Gentle giant Polar relaxes
with his reading partner.
Photo by Misty Coleman.
Paws to Read
I have been fortunate in my life to work with animals in many different capacities. Obedience instructor for shelter dogs, with rescues for horses, dogs and cats, as an animal abuse investigator, as an animal communicator….all very rewarding activities. But hands down, some of my most fulfilling volunteer hours were spent as a Pet Partner with my assistance dog, Annie.
Annie came to work with me in the therapy department of a nursing home. Her gentle demeanor coaxed clients to walk farther for exercise, speak louder to give her commands or strengthen their arms by brushing her luxurious fur. Annie had a unique ability to bring out the best in everyone she met. She was a very welcome addition to our therapy department.
Isn’t it amazing how animals positively impact our lives? Annie has been gone many years but I still keep current with the animal assisted therapy world. An exciting new development in animal assisted therapy are reading dogs, cats, birds, rabbits (for the purpose of this article, dogs will be featured). These animals and their human partners go through many hours of training and then must pass specialized testing including remaining calm in the presence of people and animals, accepting of touch and obeying obedience commands. As a result, the dogs sit quietly while children read to them.
You might wonder what value such a program would have. Sometimes children might feel self-conscious when reading in front of adults or their peers. Imagine working with a reading partner who waits patiently as words are sounded out, listening calmly to your every word. When reading to a dog, the child is focused on the animal instead themselves. Confidence levels increase and reading becomes fun! An added bonus is the child comes to see the dog as a friendly confidant, developing kindness and empathy towards another species in the process.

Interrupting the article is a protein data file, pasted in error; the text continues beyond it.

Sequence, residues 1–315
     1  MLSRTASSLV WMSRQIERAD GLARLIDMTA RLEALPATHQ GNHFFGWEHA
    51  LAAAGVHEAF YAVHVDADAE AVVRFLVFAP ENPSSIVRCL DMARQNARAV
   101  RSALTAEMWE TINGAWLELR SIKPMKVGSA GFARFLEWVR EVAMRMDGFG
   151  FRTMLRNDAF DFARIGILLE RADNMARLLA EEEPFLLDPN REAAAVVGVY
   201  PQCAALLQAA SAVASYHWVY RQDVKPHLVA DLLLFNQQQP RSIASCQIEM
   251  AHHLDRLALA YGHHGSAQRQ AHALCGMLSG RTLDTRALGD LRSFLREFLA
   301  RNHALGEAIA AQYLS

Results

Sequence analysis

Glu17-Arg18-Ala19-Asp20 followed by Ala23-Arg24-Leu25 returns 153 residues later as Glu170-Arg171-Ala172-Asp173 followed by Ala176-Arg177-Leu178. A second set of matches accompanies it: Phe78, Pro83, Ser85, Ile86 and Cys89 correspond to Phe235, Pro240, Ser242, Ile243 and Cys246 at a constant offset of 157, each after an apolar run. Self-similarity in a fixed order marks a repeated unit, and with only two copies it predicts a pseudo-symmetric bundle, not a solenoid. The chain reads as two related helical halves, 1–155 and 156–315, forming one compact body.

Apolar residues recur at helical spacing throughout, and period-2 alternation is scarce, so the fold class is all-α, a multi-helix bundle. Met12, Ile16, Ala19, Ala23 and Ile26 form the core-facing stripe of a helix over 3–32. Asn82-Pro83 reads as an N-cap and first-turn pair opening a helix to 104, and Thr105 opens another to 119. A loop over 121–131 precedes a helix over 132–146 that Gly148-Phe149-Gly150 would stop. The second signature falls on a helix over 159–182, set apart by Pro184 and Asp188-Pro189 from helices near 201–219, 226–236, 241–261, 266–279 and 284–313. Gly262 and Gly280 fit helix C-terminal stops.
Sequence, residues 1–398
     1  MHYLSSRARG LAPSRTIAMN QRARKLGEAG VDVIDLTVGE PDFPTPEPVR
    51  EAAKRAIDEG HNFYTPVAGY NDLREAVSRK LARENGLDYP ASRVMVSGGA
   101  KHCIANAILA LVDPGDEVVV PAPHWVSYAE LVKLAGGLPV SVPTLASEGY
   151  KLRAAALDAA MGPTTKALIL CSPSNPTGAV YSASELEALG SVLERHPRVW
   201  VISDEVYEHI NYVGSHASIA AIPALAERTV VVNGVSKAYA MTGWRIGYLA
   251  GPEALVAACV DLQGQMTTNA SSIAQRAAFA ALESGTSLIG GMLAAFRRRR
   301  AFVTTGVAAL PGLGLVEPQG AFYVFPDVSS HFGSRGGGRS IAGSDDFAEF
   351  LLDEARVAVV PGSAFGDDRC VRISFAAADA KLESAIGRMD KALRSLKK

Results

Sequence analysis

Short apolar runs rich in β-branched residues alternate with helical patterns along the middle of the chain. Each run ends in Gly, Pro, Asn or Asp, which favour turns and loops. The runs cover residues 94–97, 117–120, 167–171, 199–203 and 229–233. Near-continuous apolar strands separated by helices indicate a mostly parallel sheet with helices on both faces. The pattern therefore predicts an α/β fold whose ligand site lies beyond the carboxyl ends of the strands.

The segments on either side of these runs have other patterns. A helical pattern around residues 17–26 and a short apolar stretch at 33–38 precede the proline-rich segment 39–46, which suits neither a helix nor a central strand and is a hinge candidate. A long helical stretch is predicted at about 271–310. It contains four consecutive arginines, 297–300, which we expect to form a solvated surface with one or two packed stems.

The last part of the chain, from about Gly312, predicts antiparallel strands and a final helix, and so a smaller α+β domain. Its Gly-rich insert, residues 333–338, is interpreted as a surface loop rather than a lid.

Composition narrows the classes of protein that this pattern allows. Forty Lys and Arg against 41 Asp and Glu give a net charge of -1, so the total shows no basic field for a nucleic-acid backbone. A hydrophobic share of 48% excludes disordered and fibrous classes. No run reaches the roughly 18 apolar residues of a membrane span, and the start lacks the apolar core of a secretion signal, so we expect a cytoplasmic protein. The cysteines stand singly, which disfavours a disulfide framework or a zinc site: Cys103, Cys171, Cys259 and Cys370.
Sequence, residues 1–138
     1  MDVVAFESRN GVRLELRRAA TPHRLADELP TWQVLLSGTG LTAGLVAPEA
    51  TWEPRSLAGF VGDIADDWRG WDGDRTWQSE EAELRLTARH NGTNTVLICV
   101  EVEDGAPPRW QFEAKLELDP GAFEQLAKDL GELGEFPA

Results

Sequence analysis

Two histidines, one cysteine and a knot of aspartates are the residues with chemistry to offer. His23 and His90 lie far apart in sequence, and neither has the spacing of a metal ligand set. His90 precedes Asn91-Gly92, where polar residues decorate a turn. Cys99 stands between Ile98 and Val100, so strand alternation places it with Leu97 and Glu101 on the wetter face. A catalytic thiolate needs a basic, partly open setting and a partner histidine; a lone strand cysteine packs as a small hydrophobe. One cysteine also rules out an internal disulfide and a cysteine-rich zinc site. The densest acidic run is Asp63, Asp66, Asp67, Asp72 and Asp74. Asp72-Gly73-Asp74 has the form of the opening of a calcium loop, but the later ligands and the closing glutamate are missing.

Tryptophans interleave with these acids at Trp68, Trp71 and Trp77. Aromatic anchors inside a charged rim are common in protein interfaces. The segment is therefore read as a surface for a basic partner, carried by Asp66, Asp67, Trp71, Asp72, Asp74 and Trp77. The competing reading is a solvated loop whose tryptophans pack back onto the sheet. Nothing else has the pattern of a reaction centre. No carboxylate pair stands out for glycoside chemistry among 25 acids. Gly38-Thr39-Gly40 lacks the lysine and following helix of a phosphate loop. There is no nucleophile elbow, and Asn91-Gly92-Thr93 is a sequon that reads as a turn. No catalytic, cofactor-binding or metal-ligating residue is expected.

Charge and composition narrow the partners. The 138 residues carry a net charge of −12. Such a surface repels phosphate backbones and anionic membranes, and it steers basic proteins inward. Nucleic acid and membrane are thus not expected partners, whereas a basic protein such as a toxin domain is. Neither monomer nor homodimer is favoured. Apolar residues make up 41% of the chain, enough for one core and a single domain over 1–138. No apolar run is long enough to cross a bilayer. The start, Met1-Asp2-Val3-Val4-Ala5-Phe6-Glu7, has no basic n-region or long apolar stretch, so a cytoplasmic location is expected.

Enhancing reading abilities is not the only reason to utilize a reading dog. Children who have suffered trauma or loss also benefit as research shows that this activity decreases anxiety and instills calmness in the human participants.
Time spent in a safe, relaxed environment with an easygoing furry friend is such a self-esteem booster for children who may be experiencing stressful situations in their daily life.
The use of reading dog programs are gaining popularity in schools and libraries. Organizations such as Intermountain Therapy Animals (www.therapyanimals.org) and their R.E.A.D. program (Reading Educational Assistance Dogs) or Therapy Dogs International (www.tdi-dog.org) with the Tail Waggin Tutors program, as well as many other organizations, offer training both to become a Reading Dog team and for volunteer opportunities as a Team to enhance a child’s learning experience.
You can visithttp://www.therapyanimals.org/Read_Affiliate_Programs.html for a partial listing of Reading Animal Teams in your area/country. You might also check with local schools or libraries as they may already have Reading Animal Programs in place. And there is always Google, just type in the key words ‘reading dog programs’ including your area in the search parameter.
As you can see by the photos, these dogs love their jobs! And how life affirming seeing kids, animals and books brought together in such a loving, inspirational way! Animals have so many gifts to give us…all we have to do is open our eyes to see…..or read.
Thank you for joining me, see you next month!
- Jeanna Billings
Jeanna Billings is an Animal Communicator serving an international clientele, a Reiki Master and a Certified Crystal Healer. She volunteered for many years with humane societies and animal rescues, serving as a Board Director, Adoption Counselor and Humane Educator. She currently teaches animal communication classes and provides private consultations. She lives in Indiana with her husband, three dachshunds, two cats and a very chatty parakeet. You can find her online at www.ShamansSpirit.net .